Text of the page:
Driving along California's scenic I-5 corridor, there's a good chance you'll see a whole new breed of locomotive pulling heavy freight along Union Pacific's main rail line.
Except for the fresh paint job, the locomotive looks much like any other modern diesel-electric workhorse built by General Electric. The difference is hidden under the hood.
Dubbed the GE Evolution Series Tier 4 Locomotive, the first production models of these massive machines began appearing on Union Pacific railroad property in fall 2015. The 432,000-pound 6-axle behemoths have 4,400 traction horsepower and can reach a maximum speed of 70 miles per hour pulling thousands of tons of freight.
The most impressive statistic has to do with the air you breathe.
"Tier 4" refers to a U.S. Environmental Protection Agency (EPA) emission-level standard that went into effect for new locomotives Jan. 1, 2015. It's the most rigorous air quality standard to date for new locomotives, and one that locomotive manufacturers were struggling to meet in time for the EPA deadline.
With the Evolution Series, GE met the standard, producing a locomotive that ultimately reduces emissions by more than 70 percent vs. their previous best Tier 3 locomotive.
To give you an idea just how clean these locomotives are, Tier 4s produce more than 90 percent less particulate matter and oxides of nitrogen (collectively known as NOx, a major ingredient in producing smog and ozone) than locomotives produced 15 years ago.
It's a big deal, especially in California, which has some of the worst air quality and some of the most stringent environmental standards in the country.
"We all have in our history the seeing a train going down the track, right?" asked Larry Greene, who heads the Sacramento Metro Air Quality Management District, one of the larger districts in California. "Well, you can be assured that what's coming out of the stack is even cleaner than you can imagine."
The ABCs of DEF and ERG
What makes GE's Evolution Series locomotives even more impressive is how they reduce emissions. When Tier 4 standards loomed on the regulatory horizon in 2008, railroads were concerned about manufacturers using an emissions control system that required use of Diesel Exhaust Fluid — or DEF.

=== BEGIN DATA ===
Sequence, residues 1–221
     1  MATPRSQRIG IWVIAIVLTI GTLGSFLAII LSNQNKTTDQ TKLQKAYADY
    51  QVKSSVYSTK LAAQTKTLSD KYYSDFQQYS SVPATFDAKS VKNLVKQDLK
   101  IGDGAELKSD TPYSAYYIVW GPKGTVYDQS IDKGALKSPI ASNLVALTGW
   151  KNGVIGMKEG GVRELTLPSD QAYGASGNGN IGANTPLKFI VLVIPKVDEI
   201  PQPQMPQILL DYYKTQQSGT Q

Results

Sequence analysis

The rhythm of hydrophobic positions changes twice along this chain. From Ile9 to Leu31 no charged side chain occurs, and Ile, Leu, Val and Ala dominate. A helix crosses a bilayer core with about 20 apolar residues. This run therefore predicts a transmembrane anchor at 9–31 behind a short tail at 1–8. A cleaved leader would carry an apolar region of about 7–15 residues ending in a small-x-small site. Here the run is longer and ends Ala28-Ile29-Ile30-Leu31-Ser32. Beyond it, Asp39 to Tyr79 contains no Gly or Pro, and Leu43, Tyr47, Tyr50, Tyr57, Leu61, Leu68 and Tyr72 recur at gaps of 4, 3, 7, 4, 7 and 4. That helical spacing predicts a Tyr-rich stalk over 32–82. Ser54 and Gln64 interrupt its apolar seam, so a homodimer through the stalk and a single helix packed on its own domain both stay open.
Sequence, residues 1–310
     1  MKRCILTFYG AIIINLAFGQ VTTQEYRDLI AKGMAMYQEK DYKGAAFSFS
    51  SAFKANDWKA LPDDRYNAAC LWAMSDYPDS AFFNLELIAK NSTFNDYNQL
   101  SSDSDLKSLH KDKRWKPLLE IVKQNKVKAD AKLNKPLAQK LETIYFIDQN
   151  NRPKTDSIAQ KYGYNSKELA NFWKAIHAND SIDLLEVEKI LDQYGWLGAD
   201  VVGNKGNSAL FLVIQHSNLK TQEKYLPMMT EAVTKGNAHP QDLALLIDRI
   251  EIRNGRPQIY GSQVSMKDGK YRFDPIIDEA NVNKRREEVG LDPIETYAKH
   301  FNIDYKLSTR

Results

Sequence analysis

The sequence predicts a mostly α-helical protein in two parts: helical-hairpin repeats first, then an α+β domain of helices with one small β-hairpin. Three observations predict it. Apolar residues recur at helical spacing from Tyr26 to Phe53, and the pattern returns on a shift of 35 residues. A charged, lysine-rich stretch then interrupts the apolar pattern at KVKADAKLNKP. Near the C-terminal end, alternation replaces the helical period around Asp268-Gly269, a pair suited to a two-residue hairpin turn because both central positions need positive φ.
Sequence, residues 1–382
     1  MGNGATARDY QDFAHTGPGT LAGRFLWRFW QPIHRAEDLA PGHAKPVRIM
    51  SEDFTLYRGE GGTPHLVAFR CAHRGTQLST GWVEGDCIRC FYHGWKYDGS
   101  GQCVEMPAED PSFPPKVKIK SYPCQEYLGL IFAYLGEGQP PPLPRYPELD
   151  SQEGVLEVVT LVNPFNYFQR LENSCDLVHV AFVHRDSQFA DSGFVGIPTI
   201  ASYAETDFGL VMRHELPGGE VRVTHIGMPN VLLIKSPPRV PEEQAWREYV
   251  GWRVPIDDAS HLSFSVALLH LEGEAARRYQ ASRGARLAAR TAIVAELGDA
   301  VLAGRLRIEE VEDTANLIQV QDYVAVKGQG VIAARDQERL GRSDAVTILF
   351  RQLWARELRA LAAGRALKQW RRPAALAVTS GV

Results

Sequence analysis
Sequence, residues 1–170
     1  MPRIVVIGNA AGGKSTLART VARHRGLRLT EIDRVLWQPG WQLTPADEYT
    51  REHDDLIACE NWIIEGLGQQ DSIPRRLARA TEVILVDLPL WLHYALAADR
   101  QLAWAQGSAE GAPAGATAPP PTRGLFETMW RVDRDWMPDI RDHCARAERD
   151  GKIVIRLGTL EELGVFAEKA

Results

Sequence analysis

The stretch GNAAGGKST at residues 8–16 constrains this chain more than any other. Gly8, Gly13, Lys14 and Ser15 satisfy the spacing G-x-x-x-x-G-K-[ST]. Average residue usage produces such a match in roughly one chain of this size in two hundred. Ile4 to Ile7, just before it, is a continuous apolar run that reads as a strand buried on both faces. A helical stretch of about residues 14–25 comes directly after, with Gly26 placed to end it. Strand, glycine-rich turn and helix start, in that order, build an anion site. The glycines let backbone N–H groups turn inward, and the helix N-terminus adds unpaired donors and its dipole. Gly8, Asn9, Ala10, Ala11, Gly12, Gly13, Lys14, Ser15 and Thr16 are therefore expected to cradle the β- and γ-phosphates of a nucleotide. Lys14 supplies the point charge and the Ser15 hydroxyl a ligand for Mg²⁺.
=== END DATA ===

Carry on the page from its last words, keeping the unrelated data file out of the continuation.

All heavy-duty over-the-road truck engines in service since 2010 use an after-treatment technology called Selective Catalytic Reduction, which mixed DEF with the engine's exhaust gases. The urea chemical in DEF mixes with the NOx and breaks it down, forming harmless nitrogen gas, a small amount of carbon dioxide and water.
"The next time you see a new large diesel truck, take a look either below or just behind the cab. You'll see a tank with a light-blue cap," said Union Pacific's Mike Iden, general director-Car & Locomotive Engineering, who in addition to leading Union Pacific's locomotive technology efforts has a unique flair for explaining the most technical subject matter. "That tank holds the DEF. If GE had used a similar after-treatment system as trucks do, there would have been an equivalent reservoir on board the locomotive."
Iden said Union Pacific would have had to find a way to supply millions of gallons of the DEF and a process to ensure locomotives never run out of it. "If you've got a locomotive designed to have DEF fluid in use and the tank runs dry, legally you have to shut the locomotive down, you can't run it," he said. It would have meant an added layer of infrastructure and maintenance costs.